Here are some of the latest health and medical news
developments, compiled by the editors of HealthDay:
Well-Known Teen with Rapid-Aging Disease Dies
An American teen whose life with the rapid-aging disease
progeria was chronicled in a documentary film that's being
considered for an Academy Award has died.
Sam Berns, 17, died Friday in Boston from complications of the
disease. He had been planning to apply to college and hoped to
study cell biology or genetics,
The New York Timesreported.
He was an Eagle Scout, played the drums, enjoyed math, science
and comic books, and was a fan of Boston-area sports teams.
Sam was born in Providence, R.I. on Oct. 23, 1996 to parents Dr.
Scott Berns and Dr. Leslie Gordon, both physicians. He was
diagnosed with progeria just before age 2. His parents could find
little medical literature about progeria so they, along with Leslie
Gordon's sister Audrey Gordon, created the Progeria Research
Foundation in 1999.
Progeria is extremely rare, affecting one in four million to one
in eight million babies. The genetic condition causes rapid
premature aging and patients experience stunted growth, hair loss,
heart problems and joint deterioration,
The gene that causes the disease was isolated in 2003, but there
is still no cure. On average, patients live to age 13 and typically
die of heart attack or stroke.
"Life According to Sam" begins when Sam is 13 and follows him for three years. In the film, Sam explains why he agreed to take part: "I didn't put myself in front of you to have you feel bad for me," he says. "You don't need to feel bad for me. Because I want you to get to know me. This is my life."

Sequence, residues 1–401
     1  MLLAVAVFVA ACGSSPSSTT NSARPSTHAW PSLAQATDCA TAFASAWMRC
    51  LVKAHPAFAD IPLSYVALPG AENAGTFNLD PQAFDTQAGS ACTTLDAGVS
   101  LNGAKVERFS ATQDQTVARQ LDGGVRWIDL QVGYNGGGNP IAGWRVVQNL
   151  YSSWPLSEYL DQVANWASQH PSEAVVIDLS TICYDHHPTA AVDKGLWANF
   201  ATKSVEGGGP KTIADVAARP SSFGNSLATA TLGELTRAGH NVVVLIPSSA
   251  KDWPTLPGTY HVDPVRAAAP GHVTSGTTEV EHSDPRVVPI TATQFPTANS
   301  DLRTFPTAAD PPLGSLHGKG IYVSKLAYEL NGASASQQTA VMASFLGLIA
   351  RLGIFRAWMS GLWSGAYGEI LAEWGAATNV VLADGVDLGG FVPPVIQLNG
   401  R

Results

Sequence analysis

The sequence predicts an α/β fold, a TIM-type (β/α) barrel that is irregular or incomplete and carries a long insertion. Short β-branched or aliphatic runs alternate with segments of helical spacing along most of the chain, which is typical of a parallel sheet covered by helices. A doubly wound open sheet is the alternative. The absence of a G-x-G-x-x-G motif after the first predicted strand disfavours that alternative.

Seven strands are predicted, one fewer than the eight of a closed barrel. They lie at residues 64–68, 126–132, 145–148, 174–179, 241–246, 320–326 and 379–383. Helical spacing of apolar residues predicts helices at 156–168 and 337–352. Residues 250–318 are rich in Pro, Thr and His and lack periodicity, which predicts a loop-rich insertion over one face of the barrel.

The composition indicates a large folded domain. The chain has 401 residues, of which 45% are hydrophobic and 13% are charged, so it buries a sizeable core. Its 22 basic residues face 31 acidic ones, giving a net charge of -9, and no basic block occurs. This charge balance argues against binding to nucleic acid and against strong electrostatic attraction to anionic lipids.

The documentary, which was broadcast on HBO in October and has
been shown at film festivals, is among 15 documentaries being
considered for Oscar nominations,
"No matter what I choose to become, I believe that I can change the world," Sam said during a talk at a TEDx conference talk last year. "And as I'm striving to change the world, I will be happy."
Nine Womb Transplant Patients Doing Well: Swedish
Nine women who received transplanted wombs donated by relatives
are doing well and will soon try to become pregnant, according to
the doctor leading the groundbreaking project.
Two previous attempts at womb transplants in Turkey and Saudi
Arabia were not successful in enabling women to have babies.
"This is a new kind of surgery," Dr. Mats Brannstrom, chair of the obstetrics and gynecology department at the University of Gothenburg, told the Associated Press. "We have no textbook to look at."
Many of the nine women who received the womb transplants had
their periods six weeks after the transplants, an indication that
their wombs are healthy and functioning. The first of the
transplants was conducted in September 2012. All of the women left
hospital within days after transplant surgery.
The women in the project were born without a uterus or had it
removed after being diagnosed with cervical cancer. Most of them
are in their 30s. The donors included mothers and other female
relatives of the recipients, the
The recipients' transplanted uteruses were not connected to the
fallopian tubes, so they can't get pregnant naturally. But all of